President Trump's personal attorney Michael Cohen was paid at least $400,000 to arrange a meeting between Victor Poroshenko and President Trump, according to sources in Kiev. Shortly after the meeting, which was held at the White House was last June, the Ukrainian "anti-corruption agency stopped its investigation into Trump's former campaign manager, Paul Manafort." Poroshenko was reportedly desperate to meet with Trump, after documents leaked under his watch revealed that President Trump's campaign manager Paul Manafort had failed to disclose his connections with the Ukrainian presidential elections, in violation of U.S. election law.

Ohio Democrats File Gerrymandering Suit
2 hours ago

Ohio Democratic voters have filed suit against Ohio Governor John Kasich and other Republican state officials over alleged partisan gerrymandering in Ohio's electoral map. Despite capturing between 51 and 59 percent of the statewide vote in the past three elections, Republicans hold three-quarters of state congressional seats. "The U.S. Supreme Court is due by the end of June to issue major rulings in two partisan gerrymandering cases from Wisconsin and Maryland that could affect the Ohio suit."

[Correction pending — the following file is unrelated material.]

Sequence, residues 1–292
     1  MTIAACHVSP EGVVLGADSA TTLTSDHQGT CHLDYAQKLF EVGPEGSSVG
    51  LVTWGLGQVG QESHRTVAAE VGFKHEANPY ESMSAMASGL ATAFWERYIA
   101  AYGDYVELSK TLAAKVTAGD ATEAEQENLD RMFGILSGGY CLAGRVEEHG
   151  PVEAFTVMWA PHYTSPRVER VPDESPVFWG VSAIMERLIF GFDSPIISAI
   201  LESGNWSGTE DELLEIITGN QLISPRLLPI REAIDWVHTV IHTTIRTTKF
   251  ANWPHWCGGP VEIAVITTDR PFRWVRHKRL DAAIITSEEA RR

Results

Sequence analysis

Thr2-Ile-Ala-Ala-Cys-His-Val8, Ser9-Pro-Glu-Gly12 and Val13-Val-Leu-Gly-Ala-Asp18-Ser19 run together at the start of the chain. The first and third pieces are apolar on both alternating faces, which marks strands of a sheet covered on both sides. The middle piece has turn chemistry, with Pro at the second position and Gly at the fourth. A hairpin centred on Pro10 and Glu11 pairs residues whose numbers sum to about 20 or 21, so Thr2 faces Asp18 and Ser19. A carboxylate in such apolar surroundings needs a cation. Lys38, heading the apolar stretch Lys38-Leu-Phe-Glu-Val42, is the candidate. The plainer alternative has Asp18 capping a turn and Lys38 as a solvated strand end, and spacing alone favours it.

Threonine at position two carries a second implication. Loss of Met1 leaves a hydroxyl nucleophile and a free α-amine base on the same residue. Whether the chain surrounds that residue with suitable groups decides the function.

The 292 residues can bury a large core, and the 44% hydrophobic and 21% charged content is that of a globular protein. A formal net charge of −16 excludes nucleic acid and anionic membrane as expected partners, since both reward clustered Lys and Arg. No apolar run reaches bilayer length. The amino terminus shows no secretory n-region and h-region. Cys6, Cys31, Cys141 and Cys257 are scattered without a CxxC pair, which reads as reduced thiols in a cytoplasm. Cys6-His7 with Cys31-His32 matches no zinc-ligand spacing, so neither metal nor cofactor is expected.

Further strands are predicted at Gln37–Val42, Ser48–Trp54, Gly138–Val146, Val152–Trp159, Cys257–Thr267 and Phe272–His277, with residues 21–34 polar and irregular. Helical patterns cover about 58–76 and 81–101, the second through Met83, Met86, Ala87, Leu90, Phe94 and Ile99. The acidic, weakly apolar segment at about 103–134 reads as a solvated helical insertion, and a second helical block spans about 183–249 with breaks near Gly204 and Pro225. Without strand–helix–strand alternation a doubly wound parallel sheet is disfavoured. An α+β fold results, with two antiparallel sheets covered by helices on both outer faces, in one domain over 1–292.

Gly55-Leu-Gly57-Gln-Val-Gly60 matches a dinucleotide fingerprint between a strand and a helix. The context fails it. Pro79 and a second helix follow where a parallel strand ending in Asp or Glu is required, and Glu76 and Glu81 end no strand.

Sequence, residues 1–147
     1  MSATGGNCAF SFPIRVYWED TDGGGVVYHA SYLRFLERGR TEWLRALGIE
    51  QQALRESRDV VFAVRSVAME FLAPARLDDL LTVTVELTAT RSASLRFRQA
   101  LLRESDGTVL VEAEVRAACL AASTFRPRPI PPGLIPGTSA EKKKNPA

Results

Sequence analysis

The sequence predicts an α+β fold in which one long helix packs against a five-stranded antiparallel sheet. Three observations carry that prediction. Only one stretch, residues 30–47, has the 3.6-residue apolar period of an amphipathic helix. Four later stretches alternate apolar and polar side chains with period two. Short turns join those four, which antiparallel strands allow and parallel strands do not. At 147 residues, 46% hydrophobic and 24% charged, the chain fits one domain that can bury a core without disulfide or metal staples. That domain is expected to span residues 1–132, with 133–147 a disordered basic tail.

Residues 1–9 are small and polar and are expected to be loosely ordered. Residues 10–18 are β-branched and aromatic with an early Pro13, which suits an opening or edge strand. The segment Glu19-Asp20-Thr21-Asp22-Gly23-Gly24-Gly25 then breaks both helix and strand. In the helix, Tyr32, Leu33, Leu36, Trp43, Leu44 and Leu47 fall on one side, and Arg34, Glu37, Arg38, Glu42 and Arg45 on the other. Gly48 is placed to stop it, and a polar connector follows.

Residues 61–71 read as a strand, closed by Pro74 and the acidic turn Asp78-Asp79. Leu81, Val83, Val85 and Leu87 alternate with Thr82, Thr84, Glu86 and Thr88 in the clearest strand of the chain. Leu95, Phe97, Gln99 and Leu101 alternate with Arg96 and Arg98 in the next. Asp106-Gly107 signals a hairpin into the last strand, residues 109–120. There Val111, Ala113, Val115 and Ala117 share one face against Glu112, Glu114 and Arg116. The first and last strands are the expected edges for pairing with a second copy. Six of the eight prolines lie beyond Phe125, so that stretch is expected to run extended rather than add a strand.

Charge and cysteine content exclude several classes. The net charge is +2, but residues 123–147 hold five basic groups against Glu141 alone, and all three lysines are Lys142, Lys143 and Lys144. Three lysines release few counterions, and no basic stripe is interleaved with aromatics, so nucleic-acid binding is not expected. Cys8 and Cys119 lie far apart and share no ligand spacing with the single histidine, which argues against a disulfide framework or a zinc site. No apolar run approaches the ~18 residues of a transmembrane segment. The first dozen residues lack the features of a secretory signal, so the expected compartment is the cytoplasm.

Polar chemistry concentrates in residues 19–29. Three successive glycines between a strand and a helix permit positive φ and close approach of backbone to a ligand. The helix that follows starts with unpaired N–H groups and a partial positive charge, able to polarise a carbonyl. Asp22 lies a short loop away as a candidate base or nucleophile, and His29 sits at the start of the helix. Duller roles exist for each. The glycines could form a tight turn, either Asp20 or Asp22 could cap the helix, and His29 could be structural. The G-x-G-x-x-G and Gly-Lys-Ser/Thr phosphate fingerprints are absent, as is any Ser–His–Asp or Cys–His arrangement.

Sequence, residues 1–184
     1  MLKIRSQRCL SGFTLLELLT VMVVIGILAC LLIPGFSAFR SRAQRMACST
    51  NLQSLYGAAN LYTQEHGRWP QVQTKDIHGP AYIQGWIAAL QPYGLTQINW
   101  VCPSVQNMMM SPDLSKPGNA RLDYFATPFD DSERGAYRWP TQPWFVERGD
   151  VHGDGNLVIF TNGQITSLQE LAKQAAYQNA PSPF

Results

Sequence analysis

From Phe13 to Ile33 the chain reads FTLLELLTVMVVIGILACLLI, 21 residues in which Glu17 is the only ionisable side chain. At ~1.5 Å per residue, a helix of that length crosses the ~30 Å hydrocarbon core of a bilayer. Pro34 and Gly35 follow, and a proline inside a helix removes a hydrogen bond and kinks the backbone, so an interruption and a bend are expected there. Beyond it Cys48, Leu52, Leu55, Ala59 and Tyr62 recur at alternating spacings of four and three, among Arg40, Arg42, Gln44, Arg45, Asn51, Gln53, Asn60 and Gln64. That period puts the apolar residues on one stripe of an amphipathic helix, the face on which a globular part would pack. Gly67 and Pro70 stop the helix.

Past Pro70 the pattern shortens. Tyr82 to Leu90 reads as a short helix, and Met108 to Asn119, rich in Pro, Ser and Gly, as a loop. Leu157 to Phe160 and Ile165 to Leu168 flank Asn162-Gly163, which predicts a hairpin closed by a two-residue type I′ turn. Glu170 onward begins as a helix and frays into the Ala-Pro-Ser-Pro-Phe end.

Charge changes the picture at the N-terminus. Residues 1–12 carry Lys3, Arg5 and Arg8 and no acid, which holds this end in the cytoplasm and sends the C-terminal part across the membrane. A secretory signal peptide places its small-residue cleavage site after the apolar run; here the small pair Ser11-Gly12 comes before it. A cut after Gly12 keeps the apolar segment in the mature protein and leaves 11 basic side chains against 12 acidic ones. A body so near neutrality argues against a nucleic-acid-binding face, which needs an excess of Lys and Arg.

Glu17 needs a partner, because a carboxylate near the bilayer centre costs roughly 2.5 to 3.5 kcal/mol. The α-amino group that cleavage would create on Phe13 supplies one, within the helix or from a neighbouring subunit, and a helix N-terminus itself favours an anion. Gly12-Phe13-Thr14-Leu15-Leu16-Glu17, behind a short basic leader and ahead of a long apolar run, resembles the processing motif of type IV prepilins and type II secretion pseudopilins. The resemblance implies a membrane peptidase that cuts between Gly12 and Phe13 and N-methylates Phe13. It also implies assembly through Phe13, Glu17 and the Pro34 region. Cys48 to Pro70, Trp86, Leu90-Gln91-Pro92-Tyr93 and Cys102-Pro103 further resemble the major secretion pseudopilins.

Iran May Have Restarted Missile Program
4 hours ago

An Iranian missile scientist, killed in a strike in 2011 along with his research center, oversaw the development of a secret, second facility in the remote Iranian desert that ... is operating to this day," according to a team of California weapons experts. "For weeks, the researchers picked through satellite photos of the facility. They found, they say, that work on the site now appears to focus on advanced rocket engines and rocket fuel, and is often conducted under cover of night."


Welcome to National Journal!

You are currently accessing National Journal from IP access. Please login to access this feature. If you have any questions, please contact your Dedicated Advisor.